The title of this X-Files episode, “Familiar,” is a perfect pun. The episode explores the idea of a witch’s familiar, but also the familiar unleashing of more mundane evil in small town America.
The episode plays on the creepiness of characters in children’s television shows, at least when they are viewed from an adult perspective. Between that, the prospect of children being abducted and murdered, and the introduction of witchcraft, the episode focuses on some of the things that scare human beings most.
Yet the episode also challenges those fears at the same time, or at least challenges the focus of them. And I was particularly struck by the religious elements connected with the way that is done. A small part of a church service for a child who has been killed embedded in the episode, and it is in that context that some of the truth about things going on behind the scenes begins to emerge. But more than that, one of the characters admits to having let the devil into his soul, not by practicing witchcraft, but by breaking a sacred commandment, allowing lust to dwell in his heart and then committing adultery. For that reason, he suggests, he is being punished, as he himself through his wicked thoughts and actions has opened the gates of hell.
In the episode, however, it is not as though God is punishing him for his actions. Rather, it is the adultery itself which has caused hatred on the part of his wife towards him and his lover. We see rage run rampant in an irrational fashion, leading a grieving father to beat up and then shoot and kill a convicted pedophile that he assumes is responsible for having killed his son. The question of whether witchcraft is a real thing is, ultimately, completely irrelevant. Whether the weapons be spells or guns, it is we human beings who bring harm upon our families, our children and spouses, our entire communities.
The treatment of the man on the sex offender registry works very powerfully in the episode. The man actually has a mask of the creepy character Mr. Chuckleteeth (as well as a live monkey in a cage, balloons, and much else) in his house. He is a perfect suspect. Yet, as Mulder notes, he is “too perfect” and that in itself should cause one to look more closely, to remember our principle of considering individuals – regardless of their past – as innocent until proven guilty. In this case, it turns out that the rape for which he was placed on the registry was statutory – perhaps when he turned 18, and his girlfriend was still 17, her unhappy parents decided to press charges against him. He also worked as a performer at birthday parties, and there turned out to be video evidence as a result that showed he was performing miles away at the time the boy was killed. And so the episode doesn’t just explore our fears, but highlights that those fears themselves cause much suffering. Indeed, they perpetuate the things that make us afraid, since once we fear our neighbors, we don’t get to know them, and distrust leads to isolation leads to still greater distrust, and so on in a vicious circle.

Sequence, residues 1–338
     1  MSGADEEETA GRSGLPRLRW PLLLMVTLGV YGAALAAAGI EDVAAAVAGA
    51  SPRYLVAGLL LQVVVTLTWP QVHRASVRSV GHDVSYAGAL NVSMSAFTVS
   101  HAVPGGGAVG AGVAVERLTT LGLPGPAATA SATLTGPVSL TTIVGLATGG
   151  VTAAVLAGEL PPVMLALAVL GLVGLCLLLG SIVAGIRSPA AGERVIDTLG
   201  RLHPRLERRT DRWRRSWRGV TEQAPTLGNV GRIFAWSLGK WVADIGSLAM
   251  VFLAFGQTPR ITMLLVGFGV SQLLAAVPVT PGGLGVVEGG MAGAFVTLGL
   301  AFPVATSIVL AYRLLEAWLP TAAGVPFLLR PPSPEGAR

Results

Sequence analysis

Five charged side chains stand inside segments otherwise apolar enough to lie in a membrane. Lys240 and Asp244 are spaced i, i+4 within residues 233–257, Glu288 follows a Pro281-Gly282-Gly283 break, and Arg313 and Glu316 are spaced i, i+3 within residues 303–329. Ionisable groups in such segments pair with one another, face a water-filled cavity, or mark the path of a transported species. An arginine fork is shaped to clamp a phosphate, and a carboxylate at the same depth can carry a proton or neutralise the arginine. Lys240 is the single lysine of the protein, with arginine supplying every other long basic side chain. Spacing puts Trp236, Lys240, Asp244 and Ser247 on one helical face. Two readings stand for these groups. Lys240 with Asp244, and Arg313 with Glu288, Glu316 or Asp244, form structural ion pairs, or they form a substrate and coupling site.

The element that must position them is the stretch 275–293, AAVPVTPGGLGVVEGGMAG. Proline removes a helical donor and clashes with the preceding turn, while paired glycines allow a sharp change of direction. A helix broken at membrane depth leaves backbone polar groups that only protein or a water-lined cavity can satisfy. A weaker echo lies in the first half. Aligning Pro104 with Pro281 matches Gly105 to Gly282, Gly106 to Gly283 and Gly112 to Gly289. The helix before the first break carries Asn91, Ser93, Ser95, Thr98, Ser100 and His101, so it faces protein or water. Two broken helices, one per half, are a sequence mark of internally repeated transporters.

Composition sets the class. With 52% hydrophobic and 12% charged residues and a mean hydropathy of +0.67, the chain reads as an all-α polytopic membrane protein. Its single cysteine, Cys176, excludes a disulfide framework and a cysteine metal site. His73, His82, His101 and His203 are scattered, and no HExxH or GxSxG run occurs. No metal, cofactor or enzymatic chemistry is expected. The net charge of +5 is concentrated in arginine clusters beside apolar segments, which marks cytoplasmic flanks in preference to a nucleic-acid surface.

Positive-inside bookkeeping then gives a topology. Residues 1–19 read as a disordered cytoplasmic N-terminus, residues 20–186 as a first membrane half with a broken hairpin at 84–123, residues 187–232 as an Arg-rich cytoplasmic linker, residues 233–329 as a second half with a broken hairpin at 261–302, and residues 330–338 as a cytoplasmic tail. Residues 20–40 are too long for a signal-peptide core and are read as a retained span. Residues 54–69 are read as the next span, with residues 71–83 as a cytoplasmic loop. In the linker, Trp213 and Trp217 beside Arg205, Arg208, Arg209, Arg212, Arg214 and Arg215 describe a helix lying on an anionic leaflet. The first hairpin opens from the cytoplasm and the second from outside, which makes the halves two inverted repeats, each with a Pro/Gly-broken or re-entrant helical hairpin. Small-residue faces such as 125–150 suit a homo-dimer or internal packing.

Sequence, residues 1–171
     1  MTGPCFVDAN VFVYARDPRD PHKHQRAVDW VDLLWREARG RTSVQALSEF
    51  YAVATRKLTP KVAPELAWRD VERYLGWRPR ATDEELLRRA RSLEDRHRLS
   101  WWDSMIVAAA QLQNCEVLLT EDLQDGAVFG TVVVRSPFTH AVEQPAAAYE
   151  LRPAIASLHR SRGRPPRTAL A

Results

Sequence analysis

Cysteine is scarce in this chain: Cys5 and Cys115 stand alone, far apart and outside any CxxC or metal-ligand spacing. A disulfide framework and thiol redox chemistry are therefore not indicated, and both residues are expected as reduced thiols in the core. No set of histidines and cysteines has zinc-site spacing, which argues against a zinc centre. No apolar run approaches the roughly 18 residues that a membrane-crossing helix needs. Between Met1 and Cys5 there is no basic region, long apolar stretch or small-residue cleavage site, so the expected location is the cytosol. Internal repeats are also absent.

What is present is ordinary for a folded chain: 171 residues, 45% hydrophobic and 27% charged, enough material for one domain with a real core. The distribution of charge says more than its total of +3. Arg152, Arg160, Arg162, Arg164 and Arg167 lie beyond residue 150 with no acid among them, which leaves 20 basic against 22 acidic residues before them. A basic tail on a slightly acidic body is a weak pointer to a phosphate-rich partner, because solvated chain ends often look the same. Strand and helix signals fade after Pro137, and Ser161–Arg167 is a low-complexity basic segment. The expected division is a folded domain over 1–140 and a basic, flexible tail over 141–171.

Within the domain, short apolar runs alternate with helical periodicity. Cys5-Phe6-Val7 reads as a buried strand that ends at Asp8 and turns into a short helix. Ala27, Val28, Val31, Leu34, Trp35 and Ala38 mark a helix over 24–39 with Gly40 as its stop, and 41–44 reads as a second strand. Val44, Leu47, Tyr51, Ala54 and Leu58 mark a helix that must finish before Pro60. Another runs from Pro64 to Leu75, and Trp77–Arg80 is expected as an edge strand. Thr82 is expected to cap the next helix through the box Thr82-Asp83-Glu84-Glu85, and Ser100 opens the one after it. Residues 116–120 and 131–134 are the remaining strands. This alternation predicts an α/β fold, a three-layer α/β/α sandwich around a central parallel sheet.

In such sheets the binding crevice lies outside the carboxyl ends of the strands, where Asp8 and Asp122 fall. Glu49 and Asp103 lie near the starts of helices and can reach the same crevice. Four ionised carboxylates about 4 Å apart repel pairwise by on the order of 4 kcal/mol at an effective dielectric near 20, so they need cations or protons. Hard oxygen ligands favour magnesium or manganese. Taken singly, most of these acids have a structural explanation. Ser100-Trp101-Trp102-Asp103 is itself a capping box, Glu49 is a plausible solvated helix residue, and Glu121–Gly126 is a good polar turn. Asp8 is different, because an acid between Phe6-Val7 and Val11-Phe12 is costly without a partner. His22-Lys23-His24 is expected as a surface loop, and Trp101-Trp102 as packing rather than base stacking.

The episode also highlights that the ones we really need to worry about are not the creepy looking characters with crooked eyes, but the seemingly respectable citizens, police chiefs for instance, who engage in adulterous relationships and unleash powerful and dangerous forces of a non-supernatural sort that can nonetheless “curse” them and their communities.
The episode made me wonder how often it has been the case that stories of monsters and witchcraft were developed in the past precisely so as to provide a scapegoat for the mundane human monsters that are the actual source of tragedy. When a child was killed in distant centuries past, was the reason for blaming witchcraft precisely to avoid exploring the possibility that the killer might be someone known to all, and the motive might be jealousy or revenge or anger rather than some inhuman power?
I continue to have ambiguous feelings about the X-Files. On the one hand, it seems to delight in playing on the very fears that cause many of our problems, sowing distrust and fostering conspiracy thinking. Yet on the other hand, at least during this last season, it seems to also be digging deeper and challenging that very propensity for fear that leads us to “trust no one.”
Of related interest, see the Washington Post article about research into fear for safety and how it relates to our alignment as conservatives or liberals, the Christian Century article about racism as the worst kind of mass hysteria (with very direct links to themes central to The X-Files), and Verso on history as a way of learning.